Mountain View Voice

News - February 1, 2013

Community briefs

Train ticket survey

Caltrain riders are being asked for their opinions in an online survey the agency will use to improve features on its ticket vending machines.

The survey, which can be found on the Caltrain website at www.caltrain.com, is the first step in a process to replace the current machines, Caltrain officials said.

Features being considered include providing riders with the ability to load Clipper cards, and giving change in paper bills instead of coins.

Once the desired features are identified, the next step in the process is to develop a funding plan, according to Caltrain.

New ticket vending machines are expected to be in place sometime in 2015 or 2016, replacing the 104 current machines at 31 stations, Caltrain officials said.

Caltrain is also looking into technology that would allow riders to buy tickets on their mobile devices.

—Bay City News Service

Local students display "green" art

Next week, students and faculty from the Community School of Music and Arts are set to unveil a collaborative exhibition at Mountain View City Hall exploring the impact that humans have on the natural world.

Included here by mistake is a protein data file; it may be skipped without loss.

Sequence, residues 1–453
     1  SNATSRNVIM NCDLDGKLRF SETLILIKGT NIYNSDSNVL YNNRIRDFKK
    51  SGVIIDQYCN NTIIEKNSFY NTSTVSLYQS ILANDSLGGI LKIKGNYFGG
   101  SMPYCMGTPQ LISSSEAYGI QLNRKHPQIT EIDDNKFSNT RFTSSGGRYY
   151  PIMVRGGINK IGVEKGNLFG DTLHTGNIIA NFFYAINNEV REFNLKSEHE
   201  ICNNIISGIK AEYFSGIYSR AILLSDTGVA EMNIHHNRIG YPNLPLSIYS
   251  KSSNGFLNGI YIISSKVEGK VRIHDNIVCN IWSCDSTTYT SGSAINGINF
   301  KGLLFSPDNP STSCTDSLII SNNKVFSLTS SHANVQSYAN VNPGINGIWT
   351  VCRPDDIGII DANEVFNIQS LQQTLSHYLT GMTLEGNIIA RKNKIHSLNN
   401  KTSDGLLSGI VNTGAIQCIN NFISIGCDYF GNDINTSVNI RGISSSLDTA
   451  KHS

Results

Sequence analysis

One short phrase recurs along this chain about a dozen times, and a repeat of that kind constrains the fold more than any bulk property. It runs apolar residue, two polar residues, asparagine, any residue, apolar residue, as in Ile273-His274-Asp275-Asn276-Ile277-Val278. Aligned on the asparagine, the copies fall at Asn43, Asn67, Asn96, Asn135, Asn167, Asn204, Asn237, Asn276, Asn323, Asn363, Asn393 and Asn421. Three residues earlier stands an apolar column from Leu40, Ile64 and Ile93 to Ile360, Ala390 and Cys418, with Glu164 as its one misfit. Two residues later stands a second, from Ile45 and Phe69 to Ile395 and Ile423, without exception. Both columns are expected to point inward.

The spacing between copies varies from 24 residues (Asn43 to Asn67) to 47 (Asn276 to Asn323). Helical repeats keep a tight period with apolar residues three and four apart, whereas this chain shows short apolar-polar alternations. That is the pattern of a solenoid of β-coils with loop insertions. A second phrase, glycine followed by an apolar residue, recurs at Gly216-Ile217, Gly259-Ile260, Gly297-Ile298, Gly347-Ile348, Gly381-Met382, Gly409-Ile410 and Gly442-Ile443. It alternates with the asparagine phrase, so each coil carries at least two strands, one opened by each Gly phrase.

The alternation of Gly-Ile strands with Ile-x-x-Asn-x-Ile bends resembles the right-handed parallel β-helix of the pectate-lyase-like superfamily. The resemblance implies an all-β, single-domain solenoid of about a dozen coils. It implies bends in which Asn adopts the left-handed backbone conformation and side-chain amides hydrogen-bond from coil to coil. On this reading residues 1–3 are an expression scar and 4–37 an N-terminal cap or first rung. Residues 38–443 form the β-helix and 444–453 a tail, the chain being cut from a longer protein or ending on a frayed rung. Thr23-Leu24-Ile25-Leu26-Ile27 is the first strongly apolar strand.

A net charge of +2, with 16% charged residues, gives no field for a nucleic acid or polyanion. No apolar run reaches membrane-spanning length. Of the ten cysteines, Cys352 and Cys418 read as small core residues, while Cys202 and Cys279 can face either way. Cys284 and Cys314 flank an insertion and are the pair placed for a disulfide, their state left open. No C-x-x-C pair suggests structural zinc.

The free exhibit will be open to the public on Tuesday, Feb. 5. through Sunday, March 3 in the Mountain View City Hall Rotunda, 500 Castro Street. A reception with students and teachers is set for Friday, Feb. 8 at 3 p.m.

The "ReThinking Green" exhibit will feature more than 419 pieces of art created by students in first through eighth grades from 19 schools, including every Mountain View Whisman district school, as well as schools in Los Altos, Sunnyvale and other local communities. All of the children participating receive weekly instruction through the CSMA's "Art4Schools" program.

The students used a wide variety of mediums to make artistic statements about an array of issues falling under the umbrella of the exhibit's "green" theme.

"It really varies, and every single project is different," said Cal Cullen, manager for the Art4Schools program. "Some of them are paintings, sculpture pieces made out of found objects, print making, ink drawings ... almost every medium is represented."

Many of the projects include the use of recycled materials pulled from the students' own classrooms.

Several CSMA instructors will also be presenting artwork of their own alongside their students.

"It's a great opportunity for students to recognize their instructors as artists," Cullen said.

—Dominic Fracassa

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